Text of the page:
Uber, Lyft, and DoorDash Could Be Disrupted on Valentine’s Day
Those planning a romantic night out for Valentine’s Day on Wednesday may want to have a backup form of transportation, because Uber and Lyft drivers are planning a nationwide strike. And if you’re thinking of staying in, be advised that DoorDash is also joining the striking drivers.
The strike, which is the first since Uber and Lyft went public in 2019, is being organized amid accusations that the platforms have been taking disproportionately high amounts of commissions from driver wages. Uber drivers saw their gross earnings fall by 17 percent in 2023, while Lyft drivers saw an increase of 2.5 percent, per Gridwise, a delivery driver and rideshare assistant app.
In addition to going dark on the apps, drivers will also picket outside of airports and Uber offices, two of the groups representing drivers said on Monday.
“A year into algorithmic pricing, drivers have seen incredible decrease of our pay… whatever calculations and algorithms they’re using, it’s absolutely useless,” Nicole Moore, president of the California-based Rideshare Drivers United union, told Reuters.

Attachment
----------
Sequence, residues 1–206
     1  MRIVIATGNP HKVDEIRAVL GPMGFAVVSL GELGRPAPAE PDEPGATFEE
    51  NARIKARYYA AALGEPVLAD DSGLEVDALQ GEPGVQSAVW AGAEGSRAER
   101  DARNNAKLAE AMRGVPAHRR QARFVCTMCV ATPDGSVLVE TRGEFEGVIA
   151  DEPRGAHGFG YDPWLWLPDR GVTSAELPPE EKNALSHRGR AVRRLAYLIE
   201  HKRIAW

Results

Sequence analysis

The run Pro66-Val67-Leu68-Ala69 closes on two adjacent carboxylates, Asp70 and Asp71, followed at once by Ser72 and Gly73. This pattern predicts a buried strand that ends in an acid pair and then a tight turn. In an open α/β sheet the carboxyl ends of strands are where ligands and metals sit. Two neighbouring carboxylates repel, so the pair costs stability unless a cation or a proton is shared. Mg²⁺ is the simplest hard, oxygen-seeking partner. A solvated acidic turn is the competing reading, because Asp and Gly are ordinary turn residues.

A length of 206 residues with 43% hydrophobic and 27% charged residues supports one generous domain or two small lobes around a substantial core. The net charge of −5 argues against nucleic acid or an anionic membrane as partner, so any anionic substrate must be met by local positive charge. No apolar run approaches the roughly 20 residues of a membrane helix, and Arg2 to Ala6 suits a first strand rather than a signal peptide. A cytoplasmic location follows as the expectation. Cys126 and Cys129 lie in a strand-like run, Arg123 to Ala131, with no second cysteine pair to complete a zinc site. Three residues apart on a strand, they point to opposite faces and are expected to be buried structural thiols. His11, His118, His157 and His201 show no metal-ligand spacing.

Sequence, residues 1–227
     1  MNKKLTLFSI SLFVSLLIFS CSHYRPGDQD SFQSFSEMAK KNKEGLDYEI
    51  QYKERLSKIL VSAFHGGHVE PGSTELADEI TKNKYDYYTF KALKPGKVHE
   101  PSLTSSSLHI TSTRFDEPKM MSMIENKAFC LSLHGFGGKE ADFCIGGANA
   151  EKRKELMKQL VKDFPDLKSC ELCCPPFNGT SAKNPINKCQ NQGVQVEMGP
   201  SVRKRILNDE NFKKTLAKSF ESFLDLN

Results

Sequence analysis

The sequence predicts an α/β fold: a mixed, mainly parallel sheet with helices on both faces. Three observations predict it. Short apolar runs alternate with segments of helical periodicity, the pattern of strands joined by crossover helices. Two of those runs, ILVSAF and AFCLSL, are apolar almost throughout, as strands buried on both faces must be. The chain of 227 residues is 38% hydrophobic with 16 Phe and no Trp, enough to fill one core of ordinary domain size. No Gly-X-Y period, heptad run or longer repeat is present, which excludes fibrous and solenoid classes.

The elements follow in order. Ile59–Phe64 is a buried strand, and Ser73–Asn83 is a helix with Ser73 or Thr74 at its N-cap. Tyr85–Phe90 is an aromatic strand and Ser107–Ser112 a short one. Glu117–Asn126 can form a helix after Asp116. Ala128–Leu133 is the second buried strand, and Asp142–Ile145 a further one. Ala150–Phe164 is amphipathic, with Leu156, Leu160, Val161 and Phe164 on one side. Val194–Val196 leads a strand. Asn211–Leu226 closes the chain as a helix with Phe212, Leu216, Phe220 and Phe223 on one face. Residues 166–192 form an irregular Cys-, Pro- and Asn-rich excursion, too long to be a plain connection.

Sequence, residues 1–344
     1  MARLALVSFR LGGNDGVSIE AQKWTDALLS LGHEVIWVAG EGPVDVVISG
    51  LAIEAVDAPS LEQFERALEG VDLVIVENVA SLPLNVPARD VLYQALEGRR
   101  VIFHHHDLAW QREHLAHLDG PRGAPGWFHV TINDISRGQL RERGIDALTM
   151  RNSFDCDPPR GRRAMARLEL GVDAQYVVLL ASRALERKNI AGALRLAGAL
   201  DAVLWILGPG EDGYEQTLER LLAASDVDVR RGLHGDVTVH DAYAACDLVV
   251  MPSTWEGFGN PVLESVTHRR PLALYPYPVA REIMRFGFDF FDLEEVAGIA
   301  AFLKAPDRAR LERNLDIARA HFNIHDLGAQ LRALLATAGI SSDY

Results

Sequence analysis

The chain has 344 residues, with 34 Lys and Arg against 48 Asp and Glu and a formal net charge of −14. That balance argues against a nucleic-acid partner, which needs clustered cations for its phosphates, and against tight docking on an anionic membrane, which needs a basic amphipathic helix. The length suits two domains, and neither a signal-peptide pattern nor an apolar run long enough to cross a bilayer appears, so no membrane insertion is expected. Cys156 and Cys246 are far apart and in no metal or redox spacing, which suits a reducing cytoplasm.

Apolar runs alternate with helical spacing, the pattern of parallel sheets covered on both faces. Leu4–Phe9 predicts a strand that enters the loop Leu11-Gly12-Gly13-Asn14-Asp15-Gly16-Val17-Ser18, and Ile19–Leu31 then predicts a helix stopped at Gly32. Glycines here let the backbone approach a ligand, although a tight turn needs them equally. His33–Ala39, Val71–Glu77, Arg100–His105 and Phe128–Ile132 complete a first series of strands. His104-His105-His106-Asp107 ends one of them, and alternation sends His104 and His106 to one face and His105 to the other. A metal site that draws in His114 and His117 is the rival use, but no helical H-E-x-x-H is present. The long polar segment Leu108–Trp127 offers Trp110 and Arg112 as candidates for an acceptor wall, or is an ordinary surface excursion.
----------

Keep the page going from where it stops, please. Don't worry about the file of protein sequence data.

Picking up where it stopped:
“By not paying drivers a livable wage, drivers are barely able to afford the bare necessities,” said Shantwan Humphrey, a driver in Dallas, TX.
The strike is coming on the heels of Lyft agreeing to pay the difference if drivers made less than 70 percent of a rider’s fare, after external fees. Last year, 15 percent of Lyft drivers fell into this category.
“We think hopefully it will get more drivers driving for Lyft, but also just make the whole sector stronger,” CEO David Risher said in an interview with Reuters last week.
In a Reddit thread, one driver advocated for staying online on the apps but refusing requests as they come in, to prevent the algorithm from surging and making it less likely for riders to connect with non-striking drivers.